Italian president re-elected in turmoil | Magnet

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Italian head of state Sergio Mattarella has been re-elected for a second term, with party leaders asking him to continue after a week of fruitless and often difficult votes in parliament to choose a successor.

Relieved party leaders thanked Mattarella, 80, for agreeing to stay on, but failed attempts to replace him in the seven rounds of voting have left deep scars, with potentially dangerous repercussions for political stability.

Nonetheless, financial markets are likely to react positively to the status quo, which will see Prime Minister Mario Draghi, who had made it clear that he hoped to become president himself, remain prime minister instead.

Draghi said in a statement on Saturday that Mattarella’s re-election was “wonderful news for Italians”, thanking him for “his decision to follow the extremely strong will of parliament”.

Pope Francis sent the re-elected president a telegram of congratulations.

In the eighth round among more than 1,000 politicians and regional delegates in the Chamber of Deputies, loud and prolonged applause erupted as Mattarella secured the 505 votes needed for the election.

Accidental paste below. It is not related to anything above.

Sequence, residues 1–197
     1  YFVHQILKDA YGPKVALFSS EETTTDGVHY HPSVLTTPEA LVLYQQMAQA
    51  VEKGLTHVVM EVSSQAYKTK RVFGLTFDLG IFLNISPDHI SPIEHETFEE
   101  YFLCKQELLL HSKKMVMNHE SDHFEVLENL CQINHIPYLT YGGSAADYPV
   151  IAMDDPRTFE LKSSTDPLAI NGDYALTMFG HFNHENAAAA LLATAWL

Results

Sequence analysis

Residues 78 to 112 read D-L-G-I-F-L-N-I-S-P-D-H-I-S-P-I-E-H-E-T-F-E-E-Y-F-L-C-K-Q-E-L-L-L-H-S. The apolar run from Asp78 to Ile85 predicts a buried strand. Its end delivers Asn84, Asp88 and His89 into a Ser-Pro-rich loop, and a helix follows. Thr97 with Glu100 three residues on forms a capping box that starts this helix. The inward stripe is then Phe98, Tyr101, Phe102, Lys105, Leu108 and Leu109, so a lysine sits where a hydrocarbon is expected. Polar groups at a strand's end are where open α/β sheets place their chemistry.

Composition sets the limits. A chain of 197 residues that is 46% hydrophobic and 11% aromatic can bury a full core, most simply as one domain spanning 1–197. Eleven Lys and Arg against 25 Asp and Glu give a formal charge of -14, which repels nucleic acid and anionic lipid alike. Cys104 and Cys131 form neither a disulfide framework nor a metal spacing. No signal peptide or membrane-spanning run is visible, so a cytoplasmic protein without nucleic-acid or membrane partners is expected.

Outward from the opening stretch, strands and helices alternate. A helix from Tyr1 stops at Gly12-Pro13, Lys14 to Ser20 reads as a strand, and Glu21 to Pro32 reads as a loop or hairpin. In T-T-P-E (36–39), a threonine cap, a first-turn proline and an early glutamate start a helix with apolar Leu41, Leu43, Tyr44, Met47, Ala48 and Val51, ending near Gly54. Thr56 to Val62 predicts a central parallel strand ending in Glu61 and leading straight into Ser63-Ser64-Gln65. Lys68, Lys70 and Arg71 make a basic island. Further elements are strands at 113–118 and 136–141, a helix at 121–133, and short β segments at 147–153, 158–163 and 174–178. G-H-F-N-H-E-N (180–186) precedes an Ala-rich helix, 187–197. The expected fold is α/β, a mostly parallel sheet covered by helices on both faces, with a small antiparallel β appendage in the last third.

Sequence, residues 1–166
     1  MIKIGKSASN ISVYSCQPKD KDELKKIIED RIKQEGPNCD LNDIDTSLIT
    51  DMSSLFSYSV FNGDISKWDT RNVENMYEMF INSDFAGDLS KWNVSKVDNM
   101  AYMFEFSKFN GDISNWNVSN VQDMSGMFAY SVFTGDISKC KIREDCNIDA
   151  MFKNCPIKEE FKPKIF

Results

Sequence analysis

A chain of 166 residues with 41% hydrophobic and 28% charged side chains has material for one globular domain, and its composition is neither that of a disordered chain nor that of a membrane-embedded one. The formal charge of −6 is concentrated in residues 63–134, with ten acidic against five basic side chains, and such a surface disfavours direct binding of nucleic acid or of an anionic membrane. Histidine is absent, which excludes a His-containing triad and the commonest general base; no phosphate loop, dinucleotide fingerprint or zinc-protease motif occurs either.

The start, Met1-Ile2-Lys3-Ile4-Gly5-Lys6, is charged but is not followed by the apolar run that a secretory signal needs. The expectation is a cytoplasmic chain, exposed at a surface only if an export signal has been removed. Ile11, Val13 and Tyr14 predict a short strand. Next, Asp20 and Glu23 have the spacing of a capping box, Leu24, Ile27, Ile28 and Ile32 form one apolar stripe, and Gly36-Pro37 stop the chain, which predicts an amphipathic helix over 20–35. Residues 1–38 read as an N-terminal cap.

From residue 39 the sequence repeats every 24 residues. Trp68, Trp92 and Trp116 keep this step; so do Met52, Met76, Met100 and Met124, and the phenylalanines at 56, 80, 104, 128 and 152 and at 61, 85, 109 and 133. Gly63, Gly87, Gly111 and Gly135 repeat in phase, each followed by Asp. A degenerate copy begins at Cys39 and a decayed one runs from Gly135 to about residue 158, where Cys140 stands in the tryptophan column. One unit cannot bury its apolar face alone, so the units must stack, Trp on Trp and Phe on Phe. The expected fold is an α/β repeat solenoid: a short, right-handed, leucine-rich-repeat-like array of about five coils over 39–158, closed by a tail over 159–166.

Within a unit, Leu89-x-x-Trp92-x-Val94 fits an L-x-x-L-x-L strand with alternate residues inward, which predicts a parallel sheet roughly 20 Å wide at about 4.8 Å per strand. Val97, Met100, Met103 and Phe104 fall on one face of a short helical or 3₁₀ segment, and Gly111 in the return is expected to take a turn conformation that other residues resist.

He had previously ruled out staying in power, but with the country’s political stability under threat, he changed his mind in the face of appeals from parliamentary leaders who met him at his palace earlier in the day.

In brief comments from the palace, Mattarella said the current coronavirus crisis and Italy’s difficult economic and social conditions meant he was bound to accept parliament’s decision.

He said that while he had other personal plans, he was “committed to meeting the expectations and hopes of the people”.

In the Italian political system, the president is a powerful figure who appoints prime ministers and is often called upon to resolve political crises. Governments in the eurozone’s third-largest economy survive about a year on average.

Center-left Democratic Party (PD) leader Enrico Letta, who had championed Mattarella’s re-election, addressed reporters to express “enormous thanks…for his generous choice towards the country”.

Draghi called Mattarella earlier and urged him to stay, a political source said.

Relations between the ruling coalition parties deteriorated during the electoral process amid mutual recrimination over the failure to find a consensus figure.

Draghi’s coalition includes the main centre-left and centre-right parties as well as the right-wing League, the once anti-establishment 5-Star movement and a series of smaller parties.

Even before the agreement between their leaders, politicians had increasingly backed Mattarella in the daily polls, with his total reaching 387 in the seventh round earlier on Saturday.

In the end, he obtained 759 votes, 94 more than in his first election in 2015 and the second highest number of Italian heads of state after Sandro Pertini, president from 1978 to 1985.

Australian Associated Press

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